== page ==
Like mammals, birds have an outer ear, a middle ear, and an inner ear. The outer ear collects sound waves and channels them into the middle ear. The middle ear is separated from the outer ear by a membrane often referred to as the eardrum.

The sound waves make the eardrum vibrate. These vibrations are then picked up by the middle ear and transferred to the inner ear. Instead of the three bones of the mammalian middle ear, the avian middle ear has a single structure of bone and cartilage known as the columella. It is the columella that transfers the vibrations to the inner ear.

The inner ear is responsible for the initial analysis of the vibrations. The columella transmits the vibrations to the cochlea in the inner ear, where special nerve endings receive it and transmit the information to the auditory nerve. The auditory nerve sends the information to the part of the brain that recognizes the information as sound.

The inner ear is also important in maintaining balance, a function that is particularly important for birds that fly. In addition, special ducts connect the middle ear with the roof of the mouth, regulating the air pressure in the middle ear to prevent injury to the eardrum.

Human hearing loss associated with age is typically the result of damage to the sensory hair cells in the inner ear. Humans are not able to regrow damaged hair cells. In contrast, chickens are able to regrow these hair cells, and as a result, chickens are being studied for insights into treating hearing loss in humans.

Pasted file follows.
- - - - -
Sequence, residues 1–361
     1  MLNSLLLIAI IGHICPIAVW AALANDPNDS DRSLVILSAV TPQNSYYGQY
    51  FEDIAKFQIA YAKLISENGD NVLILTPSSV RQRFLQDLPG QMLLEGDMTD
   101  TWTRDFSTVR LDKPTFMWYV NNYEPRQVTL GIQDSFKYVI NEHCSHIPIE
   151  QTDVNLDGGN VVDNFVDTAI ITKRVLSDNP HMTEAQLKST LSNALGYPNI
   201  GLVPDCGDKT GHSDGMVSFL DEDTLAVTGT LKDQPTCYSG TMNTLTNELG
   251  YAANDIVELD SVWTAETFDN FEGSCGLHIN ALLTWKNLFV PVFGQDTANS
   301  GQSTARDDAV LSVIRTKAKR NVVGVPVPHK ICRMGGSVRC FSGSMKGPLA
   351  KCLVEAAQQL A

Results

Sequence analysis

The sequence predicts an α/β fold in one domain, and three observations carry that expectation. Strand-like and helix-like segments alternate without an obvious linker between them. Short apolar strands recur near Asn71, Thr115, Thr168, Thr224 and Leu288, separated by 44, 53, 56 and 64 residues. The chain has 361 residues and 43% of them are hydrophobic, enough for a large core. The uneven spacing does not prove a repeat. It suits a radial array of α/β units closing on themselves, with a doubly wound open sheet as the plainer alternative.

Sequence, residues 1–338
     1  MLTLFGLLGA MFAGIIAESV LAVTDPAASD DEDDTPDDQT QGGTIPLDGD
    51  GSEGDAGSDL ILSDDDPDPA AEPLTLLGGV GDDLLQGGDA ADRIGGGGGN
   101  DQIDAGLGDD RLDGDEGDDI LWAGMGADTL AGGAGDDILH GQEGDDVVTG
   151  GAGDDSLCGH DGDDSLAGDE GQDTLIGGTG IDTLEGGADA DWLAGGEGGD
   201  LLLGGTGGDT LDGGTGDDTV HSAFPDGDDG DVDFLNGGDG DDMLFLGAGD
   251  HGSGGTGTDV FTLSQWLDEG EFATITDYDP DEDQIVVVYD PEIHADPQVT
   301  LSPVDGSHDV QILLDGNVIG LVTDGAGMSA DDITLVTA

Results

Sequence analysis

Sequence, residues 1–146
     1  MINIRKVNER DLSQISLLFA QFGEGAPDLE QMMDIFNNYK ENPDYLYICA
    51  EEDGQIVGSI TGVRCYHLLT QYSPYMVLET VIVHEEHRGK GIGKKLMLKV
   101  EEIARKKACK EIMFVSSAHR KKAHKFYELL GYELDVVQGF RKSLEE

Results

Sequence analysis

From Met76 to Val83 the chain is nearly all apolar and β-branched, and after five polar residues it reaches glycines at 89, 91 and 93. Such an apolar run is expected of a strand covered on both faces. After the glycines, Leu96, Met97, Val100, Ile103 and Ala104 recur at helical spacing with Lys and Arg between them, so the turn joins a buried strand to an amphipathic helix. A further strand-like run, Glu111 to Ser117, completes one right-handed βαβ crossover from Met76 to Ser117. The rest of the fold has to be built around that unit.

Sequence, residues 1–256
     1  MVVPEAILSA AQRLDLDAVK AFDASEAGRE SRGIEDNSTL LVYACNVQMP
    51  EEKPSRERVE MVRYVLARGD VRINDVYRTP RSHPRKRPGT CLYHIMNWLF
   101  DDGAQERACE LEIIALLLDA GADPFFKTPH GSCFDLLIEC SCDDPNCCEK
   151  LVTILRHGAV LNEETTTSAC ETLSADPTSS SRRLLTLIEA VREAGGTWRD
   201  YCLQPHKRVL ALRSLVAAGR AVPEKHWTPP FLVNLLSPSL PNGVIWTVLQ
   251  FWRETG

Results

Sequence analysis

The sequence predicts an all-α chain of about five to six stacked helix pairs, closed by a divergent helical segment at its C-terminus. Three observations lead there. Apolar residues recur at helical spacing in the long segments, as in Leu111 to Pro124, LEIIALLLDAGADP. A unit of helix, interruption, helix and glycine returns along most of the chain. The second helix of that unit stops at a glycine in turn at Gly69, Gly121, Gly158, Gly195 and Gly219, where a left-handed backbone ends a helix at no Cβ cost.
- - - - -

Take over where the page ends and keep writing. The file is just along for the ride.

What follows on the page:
Birds are able to perceive sounds more quickly than can humans. They are able to pinpoint the source of a sound by assessing the lag time between the sound’s arrival at either side of the head.

Due to this lag time, it is easier for birds to locate the source of a series of brief sounds than of a single continuous sound. In a study examining the effects of noise from low-flying military aircraft on wild waterfowl, researchers measured noise levels at various distances from spring staging, breeding, and molting flocks.

Researchers then monitored the birds’ behavior and found that the behavior did not vary with the distance from the noise. They concluded that either the birds had become habituated to the noise, or for some reason the noise did not appear to affect them.

The efficacy of spray-on biologicals, such as coccidiosis vaccine, depends on birds consuming the product, a process that typically takes place during preening. Preening activity of chicks decreases with increasing noise levels, so it is recommended that noise levels be kept low, if possible, during the application of biologicals.

The Chickens Ear

Farmer’s Play Music To Hens While Laying

While many producers provide laying hens with music, there is some recent research that indicates that playing classical music in the laying house can have a negative influence on the level of fearfulness. Some of the reaction to the music was related to the playing of cassette tapes.